Tuesday, March 20, 2007

Fear Not The Fat

Continued from my last post ... Women in the diet study professed to be eating about 300 calories/day less than when they started. They also reported increasing their physical activity.  And they all lost weight, no matter what diet they followed.

It's been the case that any weight loss (even small amounts, in this case ~3% across diets) gives rise to an improved cardiovascular disease (CVD) profile. Gardner, et al., looked at this. They "examined the independent effect of diet group on secondary outcomes [HDL, triglycerides, BP, etc.] after adjusting for 12-month changes in weight."

Women in the Atkins group had better HDL, triglyceride, and blood pressure measurements independent of weight loss. It appears that the protein, carbohydrate, and fat proportions of their diet had a beneficial effect on their blood values whether they lost weight or not. (Although weight loss still improved these figures.)

Here are some CVD risk factor changes in these women after a year. Keep in mind that variation was so great, only a few of these changes reached significance, mostly in favor of Atkins.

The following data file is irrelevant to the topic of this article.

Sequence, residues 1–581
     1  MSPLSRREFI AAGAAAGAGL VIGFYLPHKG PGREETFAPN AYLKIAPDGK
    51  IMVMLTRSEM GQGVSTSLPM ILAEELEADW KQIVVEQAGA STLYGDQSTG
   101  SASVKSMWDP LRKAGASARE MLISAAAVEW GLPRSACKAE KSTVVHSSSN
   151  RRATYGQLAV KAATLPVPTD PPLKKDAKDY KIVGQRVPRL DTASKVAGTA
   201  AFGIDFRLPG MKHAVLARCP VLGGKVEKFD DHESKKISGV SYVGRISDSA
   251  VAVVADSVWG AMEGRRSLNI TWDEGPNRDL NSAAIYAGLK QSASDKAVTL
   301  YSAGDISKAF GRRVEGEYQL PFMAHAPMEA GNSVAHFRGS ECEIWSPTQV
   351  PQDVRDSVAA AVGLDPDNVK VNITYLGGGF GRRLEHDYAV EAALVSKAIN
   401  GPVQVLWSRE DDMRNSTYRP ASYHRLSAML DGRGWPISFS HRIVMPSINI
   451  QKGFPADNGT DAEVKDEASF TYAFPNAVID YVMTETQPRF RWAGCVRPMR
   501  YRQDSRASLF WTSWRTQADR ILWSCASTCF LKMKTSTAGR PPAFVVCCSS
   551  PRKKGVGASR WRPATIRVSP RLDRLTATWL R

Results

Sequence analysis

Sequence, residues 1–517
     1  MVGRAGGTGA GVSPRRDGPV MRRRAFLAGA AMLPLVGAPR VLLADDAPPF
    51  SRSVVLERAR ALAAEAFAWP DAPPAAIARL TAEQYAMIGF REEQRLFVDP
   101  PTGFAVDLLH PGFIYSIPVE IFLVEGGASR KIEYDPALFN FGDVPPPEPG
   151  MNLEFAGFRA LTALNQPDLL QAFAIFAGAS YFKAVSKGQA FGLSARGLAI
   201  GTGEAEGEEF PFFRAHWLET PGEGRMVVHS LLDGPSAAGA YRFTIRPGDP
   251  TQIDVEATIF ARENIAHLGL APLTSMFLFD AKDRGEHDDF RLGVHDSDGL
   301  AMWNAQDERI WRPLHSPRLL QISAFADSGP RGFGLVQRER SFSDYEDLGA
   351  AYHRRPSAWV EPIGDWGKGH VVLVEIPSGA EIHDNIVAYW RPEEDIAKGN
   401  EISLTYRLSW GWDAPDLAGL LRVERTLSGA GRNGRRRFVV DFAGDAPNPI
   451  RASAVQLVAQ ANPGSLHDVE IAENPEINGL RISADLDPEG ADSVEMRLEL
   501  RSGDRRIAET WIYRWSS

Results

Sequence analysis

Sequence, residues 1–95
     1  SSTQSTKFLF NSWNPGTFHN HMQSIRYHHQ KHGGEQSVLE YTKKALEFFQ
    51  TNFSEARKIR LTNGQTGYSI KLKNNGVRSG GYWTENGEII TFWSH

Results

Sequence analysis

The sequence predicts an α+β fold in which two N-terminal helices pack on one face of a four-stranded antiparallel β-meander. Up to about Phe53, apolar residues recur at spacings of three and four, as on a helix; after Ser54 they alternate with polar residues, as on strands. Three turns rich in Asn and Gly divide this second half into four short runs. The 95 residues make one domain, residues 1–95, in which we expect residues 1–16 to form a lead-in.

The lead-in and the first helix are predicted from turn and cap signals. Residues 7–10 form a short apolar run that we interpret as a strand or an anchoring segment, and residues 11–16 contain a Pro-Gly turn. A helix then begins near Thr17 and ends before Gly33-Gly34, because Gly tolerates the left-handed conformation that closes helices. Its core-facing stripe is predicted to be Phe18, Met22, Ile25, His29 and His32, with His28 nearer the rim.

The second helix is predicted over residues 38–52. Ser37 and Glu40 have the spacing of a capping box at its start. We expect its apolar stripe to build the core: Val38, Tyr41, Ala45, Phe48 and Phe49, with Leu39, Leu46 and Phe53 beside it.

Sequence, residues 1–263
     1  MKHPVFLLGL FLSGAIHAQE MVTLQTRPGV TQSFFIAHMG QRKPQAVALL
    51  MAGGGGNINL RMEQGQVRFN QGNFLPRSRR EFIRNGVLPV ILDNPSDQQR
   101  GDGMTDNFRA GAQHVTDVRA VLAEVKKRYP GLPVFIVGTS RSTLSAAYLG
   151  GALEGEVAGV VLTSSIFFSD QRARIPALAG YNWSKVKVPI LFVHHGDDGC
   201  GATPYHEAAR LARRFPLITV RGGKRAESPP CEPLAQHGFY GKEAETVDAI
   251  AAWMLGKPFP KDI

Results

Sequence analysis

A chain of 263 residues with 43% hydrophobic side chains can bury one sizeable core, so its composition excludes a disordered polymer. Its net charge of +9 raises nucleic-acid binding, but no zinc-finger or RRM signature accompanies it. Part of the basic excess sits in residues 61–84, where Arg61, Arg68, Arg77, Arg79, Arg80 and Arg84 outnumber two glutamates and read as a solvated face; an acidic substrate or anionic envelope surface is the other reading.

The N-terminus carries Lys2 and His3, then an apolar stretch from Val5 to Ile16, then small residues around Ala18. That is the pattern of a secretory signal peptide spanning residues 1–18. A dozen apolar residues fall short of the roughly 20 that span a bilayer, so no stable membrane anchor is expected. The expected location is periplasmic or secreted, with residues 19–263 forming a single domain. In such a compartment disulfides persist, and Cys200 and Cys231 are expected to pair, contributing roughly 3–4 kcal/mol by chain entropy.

Click for larger.
* From the study: "Although a higher LDL concentration would appear to be an adverse effect, this may not be the case. ... The triglyceride-lowering effect of a low-carbohydrate diet leads to an increase in LDL particle size, which is known to decrease LDL atherogenicity."

This isn't the first study to show that a low-carb diet results in increased HDL (the "good" cholesterol) and decreased triglycerides. But when you lower carbs, you automatically increase fat and protein. And isn't fat the felon? Maybe not.

Perhaps more generous amounts of fat in the diet (recall fat consumption in Atkins eaters relative to the others, last graph in post) might not be as harmful as we are led to believe, if that fat, along with protein, is replacing, not adding to, carbohydrate calories. Even better, if it's replacing highly processed (high glycemic index) carbohydrate calories. (The type of fat we should eat? This study did not elucidate. Although Atkins women were eating about 7g more saturated fat than the other groups.)

There was an emphasis on reducing intake of simple/processed carbohydrates and sugars in all 4 diets. If women abided this, it remains that reducing overall amount of carbohydrate, not just switching to complex carbs (low GI), may benefit CVD outcome.
Photo via Free Digital Photos.net.

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